Open Wide takes its reportorial eye everywhere: to plants where millions of feet of film are developed, to other plants where this same film is later chopped up and recycled, to the warehouse in the San Fernando Valley where a vast amount of red carpet is stored. And while the authors' taste for inside baseball leads them to pay undue attention to certain producers, market researchers and box-office number-crunchers, it also yields an entertaining and illuminating immediacy.
— The New York Times
Publishers Weekly
Two Variety editors open readers' eyes wide to the inside story of Hollywood's relentless pursuit of fast maximum bucks in this engaging, informed look at the major films of the 2003 July Fourth weekend. Three big movies clashed at the box office from Wednesday, July 2, to Sunday, July 6: Terminator 3, Legally Blonde 2 and Sinbad. Hayes and Bing, writing smoothly together, consider each film primarily as a business product, bringing unprecedented attention to the massive marketing campaigns engineered by the respective studios (T3: Warner; LB2: MGM; Sinbad: DreamWorks). They follow Schwarzenegger through the publicity grind; sit with Mission Valley girls for a test screening of an early trailer for LB2; scrutinize the performance of DreamWorks marketing chief Terry Press at ShowWest in Las Vegas as she defends the hand-drawn Sinbad in the era of Shrek. Visits to myriad locations brighten the narrative (Technicolor's film processing plant; Schwarzenegger's vast office), while a smart history of blockbuster cinema, which the authors trace back past Jaws to Joseph E. Levine's Hercules and 1953's The Beast from 20,000 Fathoms, deepens it. In this excellent book that's a must read for anyone passionate about the film business or cultural trends, the authors have created an intricate, suspenseful and learned chronicle of the confluence of money and art. Agent, Dan Strone, Trident Media. (Sept.) Copyright 2004 Reed Business Information.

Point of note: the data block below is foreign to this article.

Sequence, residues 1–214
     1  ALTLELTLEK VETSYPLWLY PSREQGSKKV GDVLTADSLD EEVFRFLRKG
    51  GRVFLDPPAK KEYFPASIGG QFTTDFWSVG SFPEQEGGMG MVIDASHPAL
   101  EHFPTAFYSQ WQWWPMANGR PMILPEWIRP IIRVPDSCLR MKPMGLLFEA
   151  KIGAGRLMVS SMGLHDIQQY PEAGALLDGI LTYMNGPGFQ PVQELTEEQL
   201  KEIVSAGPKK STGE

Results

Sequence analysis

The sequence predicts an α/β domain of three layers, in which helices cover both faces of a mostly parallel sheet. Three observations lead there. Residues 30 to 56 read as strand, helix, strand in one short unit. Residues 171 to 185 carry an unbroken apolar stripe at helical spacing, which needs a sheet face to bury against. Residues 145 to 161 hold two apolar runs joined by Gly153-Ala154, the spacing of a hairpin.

Library Journal
Ever since multinational corporations gobbled up independent studios, Hollywood's main concern is a film's bottom line rather than its art. Increasingly, the intense focus has been on the picture's first weekend of release, during which box office receipts are considered a make-or-break situation. Variety's Dade and Bing track three much-hyped films Terminator 3, Legally Blonde 2, and the animated feature Sinbad through their feverish marketing campaigns and openings. Somewhat surprisingly, the makers of the first two films granted cooperation; DreamWorks, the producer of Sinbad, declined (nonetheless, the authors succeed admirably in tracking its progress). With many hundreds of millions of dollars at stake, intense marketing attention was given to previews (mostly for those under 21), meetings with theater operators, and film festivals. Ultimately, each movie turned out to be somewhat of a disappointment, but this book is a major success. With wit and insight, the authors have used their access to take a trenchant look at behind-the-scenes Hollywood. Their narrative drive is superior to that of most blockbusters. For most collections. Roy Liebman, California State Univ. Lib., Los Angeles Copyright 2004 Reed Business Information.
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Product Details

  • ISBN-13: 9781401352004
  • Publisher: Miramax Books
  • Publication date: 9/28/2004
  • Pages: 448

Meet the Author

DADE HAYES is managing editor of special reports for Variety. His writing has appeared in the Los Angeles Times, Premiere, and TV Guide. He lives in Santa Monica. JONATHAN BING is deputy managing editor at Variety. His writing has appeared in Slate, The Nation, Entertainment Weekly, The Village Voice, and Linguafranca. He lives in Los Angeles.